We also compared distributions of a/b for asteroids with different semimajor axes, specifically inner, middle, pristine, and outer belt, using only asteroids with diameters D< 20 km. The differences between distributions of a/b are not significant and are again comparable with the uncertainties in a/b.

4.3. Dynamical families and taxonomic classes

As in Sect. 3.2.4, we compared dynamical families with their backgrounds, using again only asteroids with D< 20 km. We did not reveal any significant differences between distributions of a/b of families and corresponding backgrounds. Also the comparison of families with each other did not show any differences larger than uncertainties in a/b.

Szabó & Kiss (2008) derived distributions of a/b for eight asteroids families using data from the Sloan Digital Sky Survey (SDSS). However, their distributions are different from ours; they are often bimodal (Figs. 46 therein) and the maximum is for a/b ~ 1.2 (our distributions have maximum around 1.6). They also suggest a possible dependence on the age of families (old families contain more spheroidal members), but we do not observe that in our distributions. We believe that they used an assumption that could influence the results. First they assumed that the rotational axes of all asteroids are perpendicular to the line of sight. Then they also tested fixed value β = 50° for all asteroids.

The last populations of asteroids we compared were different taxonomic classes, specifically C and S types. The result of KS test, QKS = 0.17, did not show any difference between these two groups.

5. Conclusions

We developed a new method that allows us to determine the orientation of rotational axes and equatorial axes ratio a/b, assuming a triaxial shape model, using sparse data obtained by all sky surveys. The goal of our approach is to provide a distribution function of the solved-for parameters for a large sample of main belt asteroids rather than detailed rotational state of individual objects. A limitation of our method is that it provides, first, longitude λ of the rotation pole in the interval (0°,180°) only, with values in (180°,360°) transformed to (0°,180°) by λ = λ − 180° rule; and second, absolute value of the ecliptic latitude β, instead of β itself. The latter means that we cannot determine whether the asteroid rotates in a prograde or retrograde sense. Additionally, our model also does not provide rotational period.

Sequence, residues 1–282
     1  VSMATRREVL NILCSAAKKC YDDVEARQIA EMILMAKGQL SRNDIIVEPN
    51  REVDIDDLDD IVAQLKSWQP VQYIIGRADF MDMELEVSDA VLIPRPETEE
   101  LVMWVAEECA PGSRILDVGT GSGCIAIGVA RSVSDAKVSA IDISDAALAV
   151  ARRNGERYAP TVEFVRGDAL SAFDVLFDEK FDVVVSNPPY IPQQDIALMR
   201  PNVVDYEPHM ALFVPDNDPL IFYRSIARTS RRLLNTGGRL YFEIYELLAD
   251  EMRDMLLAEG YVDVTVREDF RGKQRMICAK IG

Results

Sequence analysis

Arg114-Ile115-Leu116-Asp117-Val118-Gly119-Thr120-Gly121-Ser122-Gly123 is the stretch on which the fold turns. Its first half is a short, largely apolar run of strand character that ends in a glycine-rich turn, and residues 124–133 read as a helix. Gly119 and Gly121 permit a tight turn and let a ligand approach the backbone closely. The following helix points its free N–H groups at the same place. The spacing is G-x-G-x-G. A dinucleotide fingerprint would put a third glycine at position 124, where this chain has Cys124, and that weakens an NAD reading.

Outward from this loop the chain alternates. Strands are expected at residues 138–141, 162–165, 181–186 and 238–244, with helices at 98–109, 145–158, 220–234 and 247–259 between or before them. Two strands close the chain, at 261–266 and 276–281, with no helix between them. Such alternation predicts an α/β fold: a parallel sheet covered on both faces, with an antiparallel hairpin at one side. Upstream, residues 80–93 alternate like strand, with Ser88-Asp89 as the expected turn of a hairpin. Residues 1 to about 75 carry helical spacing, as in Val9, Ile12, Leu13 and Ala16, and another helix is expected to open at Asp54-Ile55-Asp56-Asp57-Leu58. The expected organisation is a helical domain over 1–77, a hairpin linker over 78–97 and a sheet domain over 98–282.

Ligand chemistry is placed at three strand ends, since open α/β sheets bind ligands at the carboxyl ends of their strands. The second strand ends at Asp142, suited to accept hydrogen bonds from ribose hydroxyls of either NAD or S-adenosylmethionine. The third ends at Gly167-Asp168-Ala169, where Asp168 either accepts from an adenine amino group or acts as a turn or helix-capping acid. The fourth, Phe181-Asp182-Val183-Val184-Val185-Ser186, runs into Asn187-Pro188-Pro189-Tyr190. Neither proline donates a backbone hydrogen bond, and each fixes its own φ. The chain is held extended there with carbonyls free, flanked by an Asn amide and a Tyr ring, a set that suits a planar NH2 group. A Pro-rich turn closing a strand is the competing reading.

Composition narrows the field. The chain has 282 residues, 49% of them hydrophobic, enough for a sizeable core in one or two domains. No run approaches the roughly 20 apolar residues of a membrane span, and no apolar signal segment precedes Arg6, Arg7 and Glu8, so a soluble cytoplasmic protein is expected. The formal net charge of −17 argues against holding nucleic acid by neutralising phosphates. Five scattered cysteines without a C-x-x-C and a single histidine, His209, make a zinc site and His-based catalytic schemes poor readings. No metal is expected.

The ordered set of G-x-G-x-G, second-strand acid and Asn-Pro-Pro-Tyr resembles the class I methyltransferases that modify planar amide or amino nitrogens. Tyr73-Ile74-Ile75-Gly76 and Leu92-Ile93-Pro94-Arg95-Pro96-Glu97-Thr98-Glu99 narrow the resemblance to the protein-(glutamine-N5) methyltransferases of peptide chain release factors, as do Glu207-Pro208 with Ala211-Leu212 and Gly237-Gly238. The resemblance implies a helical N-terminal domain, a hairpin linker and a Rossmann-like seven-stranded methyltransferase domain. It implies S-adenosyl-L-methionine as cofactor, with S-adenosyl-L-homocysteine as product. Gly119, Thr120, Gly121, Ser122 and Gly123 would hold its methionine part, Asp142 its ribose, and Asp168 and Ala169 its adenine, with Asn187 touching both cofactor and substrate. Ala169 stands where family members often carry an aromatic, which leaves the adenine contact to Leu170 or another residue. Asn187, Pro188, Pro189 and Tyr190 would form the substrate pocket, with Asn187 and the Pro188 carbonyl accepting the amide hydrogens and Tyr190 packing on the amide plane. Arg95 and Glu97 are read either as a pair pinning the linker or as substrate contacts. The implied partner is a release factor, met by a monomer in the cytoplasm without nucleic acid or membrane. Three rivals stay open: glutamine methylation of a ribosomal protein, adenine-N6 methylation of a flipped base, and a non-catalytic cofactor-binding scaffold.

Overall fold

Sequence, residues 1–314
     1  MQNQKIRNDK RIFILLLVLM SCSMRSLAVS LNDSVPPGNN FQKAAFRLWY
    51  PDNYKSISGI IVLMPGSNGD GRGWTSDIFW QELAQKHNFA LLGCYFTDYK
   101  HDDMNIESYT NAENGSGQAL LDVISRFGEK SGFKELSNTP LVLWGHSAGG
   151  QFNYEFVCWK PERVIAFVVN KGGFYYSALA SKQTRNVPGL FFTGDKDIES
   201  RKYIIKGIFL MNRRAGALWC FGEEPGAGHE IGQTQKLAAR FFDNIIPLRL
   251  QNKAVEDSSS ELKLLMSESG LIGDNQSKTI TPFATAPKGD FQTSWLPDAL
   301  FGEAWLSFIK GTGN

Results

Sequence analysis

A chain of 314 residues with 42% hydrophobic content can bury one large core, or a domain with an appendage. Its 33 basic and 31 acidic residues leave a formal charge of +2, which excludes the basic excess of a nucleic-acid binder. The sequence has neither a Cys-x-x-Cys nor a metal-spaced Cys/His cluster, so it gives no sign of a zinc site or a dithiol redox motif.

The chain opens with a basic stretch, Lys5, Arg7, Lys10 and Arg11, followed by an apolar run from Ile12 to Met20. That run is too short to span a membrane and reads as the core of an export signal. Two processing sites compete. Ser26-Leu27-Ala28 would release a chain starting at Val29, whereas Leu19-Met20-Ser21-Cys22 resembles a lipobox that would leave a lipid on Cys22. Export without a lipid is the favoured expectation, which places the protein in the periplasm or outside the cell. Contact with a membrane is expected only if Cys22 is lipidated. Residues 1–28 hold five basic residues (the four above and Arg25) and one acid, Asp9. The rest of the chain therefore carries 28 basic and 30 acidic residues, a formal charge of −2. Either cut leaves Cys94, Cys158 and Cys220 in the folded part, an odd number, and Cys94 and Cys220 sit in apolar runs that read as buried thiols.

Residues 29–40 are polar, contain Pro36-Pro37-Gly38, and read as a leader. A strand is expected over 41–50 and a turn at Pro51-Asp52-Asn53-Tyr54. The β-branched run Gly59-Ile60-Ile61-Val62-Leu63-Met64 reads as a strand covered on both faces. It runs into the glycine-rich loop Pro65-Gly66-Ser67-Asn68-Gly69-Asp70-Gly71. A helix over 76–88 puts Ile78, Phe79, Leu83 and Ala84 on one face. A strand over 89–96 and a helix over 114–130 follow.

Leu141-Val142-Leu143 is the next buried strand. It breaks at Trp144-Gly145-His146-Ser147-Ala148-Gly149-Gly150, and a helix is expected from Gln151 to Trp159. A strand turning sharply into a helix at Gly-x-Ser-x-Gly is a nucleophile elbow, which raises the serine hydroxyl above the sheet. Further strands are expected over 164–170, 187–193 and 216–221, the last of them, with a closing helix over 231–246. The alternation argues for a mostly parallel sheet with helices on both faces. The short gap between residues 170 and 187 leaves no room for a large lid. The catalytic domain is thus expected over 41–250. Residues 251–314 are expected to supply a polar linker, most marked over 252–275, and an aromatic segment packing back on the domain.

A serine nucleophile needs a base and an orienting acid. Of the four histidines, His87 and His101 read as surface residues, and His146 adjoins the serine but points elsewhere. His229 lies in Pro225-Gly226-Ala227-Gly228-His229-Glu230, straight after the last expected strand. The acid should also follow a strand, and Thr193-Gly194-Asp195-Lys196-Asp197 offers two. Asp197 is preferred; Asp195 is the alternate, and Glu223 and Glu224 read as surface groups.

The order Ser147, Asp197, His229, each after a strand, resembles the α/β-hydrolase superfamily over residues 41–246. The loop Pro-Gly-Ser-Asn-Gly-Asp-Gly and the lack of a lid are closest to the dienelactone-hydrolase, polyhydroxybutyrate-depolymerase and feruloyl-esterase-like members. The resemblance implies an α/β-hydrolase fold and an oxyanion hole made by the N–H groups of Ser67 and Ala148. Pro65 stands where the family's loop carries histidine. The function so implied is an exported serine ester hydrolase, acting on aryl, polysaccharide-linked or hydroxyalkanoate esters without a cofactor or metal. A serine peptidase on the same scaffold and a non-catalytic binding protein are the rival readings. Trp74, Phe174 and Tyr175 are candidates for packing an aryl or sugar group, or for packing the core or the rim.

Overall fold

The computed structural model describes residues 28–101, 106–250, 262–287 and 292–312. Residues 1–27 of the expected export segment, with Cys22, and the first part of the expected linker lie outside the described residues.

We first justified our method by applying it to a synthetic sample of asteroids and also to a known sample of objects with rotational states resolved by more detailed methods that can be found in the DAMIT database. We observed that our method reproduces well the distribution of the ecliptic longitudes and the equatorial axes ratio a/b in a statistical sense. The uncertainties, estimated using the bootstrap method, are 30° in λ and 0.2 in a/b without systematic effects on the mean value. The determination of ecliptical latitudes β shows bias toward finding preferentially spin axes near the ecliptic pole. Our tests may, however, provide a rough approximation of the bias function.

We then applied our method to 69 053 main belt asteroids for which a suitably rich and good quality set of observations were obtained from the Lowell Observatory database. The main results are as follows:

  • 1.

    The distribution of λ is nonuniform, with an excess of asteroids with λ values between 60° and 100°. Similarly, there is a deficiency of asteroids with λ values between 130° and 160°. Curiously, our tests revealed a correlation of this nonuniformity with orbital inclination: asteroids with very low-inclination orbits (sinI ≤ 0.04) show the effect more significantly than asteroids with higher inclination orbits.

  • 2.

    While not a primary result from our paper, we also determined distribution of the absolute value of sine of ecliptic latitude | sinβ |. We confirm previously reported results that asteroids with size D ≤ 25 km have their pole latitude tightly clustered about the poles of ecliptic. This is due to the YORP effect that makes the pole latitude to approach the extreme values asymptotically.